Mark that Jesus, even at that hour of agony, turns Martha’s thoughts to Himself. What He is is the all-important thing for her to know. If she understands Him, life and death will have no insoluble problems nor any hopelessness for her. ‘I am the Resurrection and the Life.’ She had risen in her grief to a lofty height in believing that ‘even now’—at this moment when help is vain and hope is dead—‘whatsoever thou wilt ask of God, God will give it thee,’ but Jesus offers to her a loftier conception of Him when He lays a sovereign hand on resurrection and life, and discloses that both inhere in Him, and from Him flow to all who shall possess them. He claims to have in Himself the fountain of life, in all possible senses of the word, as well as in the special sense relevant at that sad hour. Further, He tells Martha that by faith in Him any and all may possess that life. And then He majestically goes on to declare that the life which He gives is immune from, and untouched by, death. The believer shall live though he dies, the living believer shall never die. It is clear that, in these two great statements, to die is used in two different meanings, referring in the former case to the physical fact, and in the latter carrying a heavier weight of significance, namely the pregnant sense which it usually has in this Gospel, of separation from God and consequently from the true life of the soul. Physical death is not the termination of human life. The grim fact touches only the surface life, and has nothing to do with the essential, personal being. He that believes on Jesus, and he only, truly lives, and his union with Jesus secures his possession of that eternal life, which victoriously persists through the apparent, superficial change which men call death. Nothing dies but the death which surrounds the faithful soul. For it to die is to live more fully, more triumphantly, more blessedly. So though the act of physical death remains, its whole character is changed. Hence the New Testament euphemisms for death are much more than euphemisms. Men christen it by names which drape its ugliness, because they fear it so much, but Faith can play with Leviathan, because it fears it not at all. Hence such names as ‘sleep,’ ‘exodus,’ are tokens of the victory won for all believers by Jesus. He will show Martha the hope for all His followers which begins to dawn even in the calling of her brother back from the grip of death. And He shows us the great truth that His being the ‘Life’ necessarily involved His being also the ‘Resurrection,’ for His life-communicating work could not be accomplished till His all-quickening vitality had flowed over into, and flooded with its own conquering tides, not only the spirit which believes but its humble companion, the soul, and its yet humbler, the body. A bodily life is essential to perfect manhood, and Jesus will not stay His hand till every believer is full-summed in all his powers, and is perfect in body, soul, and spirit, after the image of Him who redeemed Him.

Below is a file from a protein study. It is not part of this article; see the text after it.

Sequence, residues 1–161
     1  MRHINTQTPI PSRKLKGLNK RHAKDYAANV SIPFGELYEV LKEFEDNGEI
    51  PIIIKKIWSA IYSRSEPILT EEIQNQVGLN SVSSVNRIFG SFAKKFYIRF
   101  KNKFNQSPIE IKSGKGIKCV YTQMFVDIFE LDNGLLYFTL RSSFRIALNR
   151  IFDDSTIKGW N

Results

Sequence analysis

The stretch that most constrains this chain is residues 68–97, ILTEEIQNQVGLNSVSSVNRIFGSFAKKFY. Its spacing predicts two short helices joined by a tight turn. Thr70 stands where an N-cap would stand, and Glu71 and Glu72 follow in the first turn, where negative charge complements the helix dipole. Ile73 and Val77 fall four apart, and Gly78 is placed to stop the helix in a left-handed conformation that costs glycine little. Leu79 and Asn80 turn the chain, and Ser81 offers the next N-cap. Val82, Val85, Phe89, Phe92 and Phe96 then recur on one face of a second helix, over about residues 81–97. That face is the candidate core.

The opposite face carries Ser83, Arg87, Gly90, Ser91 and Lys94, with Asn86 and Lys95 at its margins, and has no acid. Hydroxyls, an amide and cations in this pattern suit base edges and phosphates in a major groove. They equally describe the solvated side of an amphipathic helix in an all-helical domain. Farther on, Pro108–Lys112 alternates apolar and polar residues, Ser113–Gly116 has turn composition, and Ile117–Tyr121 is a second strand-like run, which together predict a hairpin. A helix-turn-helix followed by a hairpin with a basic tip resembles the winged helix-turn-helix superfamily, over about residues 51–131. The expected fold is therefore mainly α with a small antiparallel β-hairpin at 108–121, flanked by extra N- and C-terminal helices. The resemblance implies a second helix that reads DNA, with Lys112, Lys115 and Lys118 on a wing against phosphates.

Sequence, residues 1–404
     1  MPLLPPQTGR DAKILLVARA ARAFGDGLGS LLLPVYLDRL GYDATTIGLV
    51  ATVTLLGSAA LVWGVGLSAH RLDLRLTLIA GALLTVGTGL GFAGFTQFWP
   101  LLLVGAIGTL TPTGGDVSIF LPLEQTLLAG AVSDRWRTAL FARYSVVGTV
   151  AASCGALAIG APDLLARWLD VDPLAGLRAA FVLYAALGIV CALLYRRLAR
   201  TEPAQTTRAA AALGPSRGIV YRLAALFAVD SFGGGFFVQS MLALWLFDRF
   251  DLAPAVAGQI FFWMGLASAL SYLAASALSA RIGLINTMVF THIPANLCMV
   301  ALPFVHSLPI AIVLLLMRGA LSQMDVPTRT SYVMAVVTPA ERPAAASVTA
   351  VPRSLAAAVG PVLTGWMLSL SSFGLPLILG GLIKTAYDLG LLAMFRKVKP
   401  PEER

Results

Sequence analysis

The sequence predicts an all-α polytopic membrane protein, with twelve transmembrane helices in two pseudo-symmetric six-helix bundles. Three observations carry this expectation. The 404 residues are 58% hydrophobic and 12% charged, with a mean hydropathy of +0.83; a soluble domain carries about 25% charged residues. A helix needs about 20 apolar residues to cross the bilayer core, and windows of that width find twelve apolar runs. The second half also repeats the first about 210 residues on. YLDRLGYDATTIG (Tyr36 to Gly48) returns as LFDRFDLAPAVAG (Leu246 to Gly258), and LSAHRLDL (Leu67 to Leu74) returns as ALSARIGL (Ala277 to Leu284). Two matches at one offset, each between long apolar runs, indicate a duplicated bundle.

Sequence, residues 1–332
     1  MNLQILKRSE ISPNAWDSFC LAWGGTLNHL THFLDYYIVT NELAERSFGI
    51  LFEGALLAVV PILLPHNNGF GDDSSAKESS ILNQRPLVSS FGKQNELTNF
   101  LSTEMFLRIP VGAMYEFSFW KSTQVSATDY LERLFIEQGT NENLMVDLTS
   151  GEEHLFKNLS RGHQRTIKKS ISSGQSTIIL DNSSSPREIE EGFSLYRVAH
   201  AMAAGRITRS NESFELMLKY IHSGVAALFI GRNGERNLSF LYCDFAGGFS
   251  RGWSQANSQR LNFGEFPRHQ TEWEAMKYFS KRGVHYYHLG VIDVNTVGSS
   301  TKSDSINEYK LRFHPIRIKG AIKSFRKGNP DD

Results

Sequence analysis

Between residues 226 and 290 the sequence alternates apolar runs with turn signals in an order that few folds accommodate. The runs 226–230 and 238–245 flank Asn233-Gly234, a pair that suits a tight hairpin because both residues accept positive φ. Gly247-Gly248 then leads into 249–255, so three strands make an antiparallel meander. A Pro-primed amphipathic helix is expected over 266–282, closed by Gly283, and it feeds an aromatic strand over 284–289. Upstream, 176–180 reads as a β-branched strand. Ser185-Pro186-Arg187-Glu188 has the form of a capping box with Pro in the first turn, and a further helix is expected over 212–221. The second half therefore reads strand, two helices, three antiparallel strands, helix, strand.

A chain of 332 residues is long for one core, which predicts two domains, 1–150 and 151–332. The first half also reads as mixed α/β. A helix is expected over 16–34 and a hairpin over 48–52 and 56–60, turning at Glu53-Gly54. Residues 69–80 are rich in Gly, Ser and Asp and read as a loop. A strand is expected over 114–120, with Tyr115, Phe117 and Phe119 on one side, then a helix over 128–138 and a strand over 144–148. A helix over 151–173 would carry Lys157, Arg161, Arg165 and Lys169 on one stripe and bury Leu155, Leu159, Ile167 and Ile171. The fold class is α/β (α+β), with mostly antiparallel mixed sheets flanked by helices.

III. The pledge for the truth of the answer.
The words of Jesus are only words. These precious words, spoken to that one weeping sister in a little Jewish village, and which have brought hope to millions ever since, are as baseless as all the other dreams and longings of the heart, unless Jesus confirms them by fact. If He did not rise from the dead, they are but another of the noble, exalted, but futile delusions of which the world has many others. If Christ be not risen, His words of consolation are swelling words of emptiness; His whole claims are ended, and the age-old question which Job asked is unanswered still, and will always remain unanswered. If Christ be not risen, the hopeless colloquy between Jehovah and the prophet sums up all that can be said of the future life: ‘Son of man, can these bones live?’ And I answered, ‘O Lord God, Thou knowest!’
But Christ’s resurrection is a fact which, taken in connection with His words while on earth, endorses these and establishes His claims to be the Declarer of the name of God, the Saviour of the world. It gives us demonstration of the continuity of life through and after death. Taken along with His ascension, which is but, so to speak, the prolongation of the point into a line, it declares that a glorified body and an abode in a heavenly home are waiting for all who by faith become here partakers in Jesus and are quickened by sharing in His life.
So in despite of sense and doubt and fear, notwithstanding teachers who, like the supercilious philosophers on Mars Hill, mock when they hear of a resurrection from the dead, we should rejoice in the great light which has shined into the region of the shadow of death, we should clasp His divine and most faithful answer to that old, despairing question, as the anchor of our souls, and lift up our hearts in thanksgiving in the triumphant challenge, ‘O death! where is thy sting? O grave! where is thy victory?’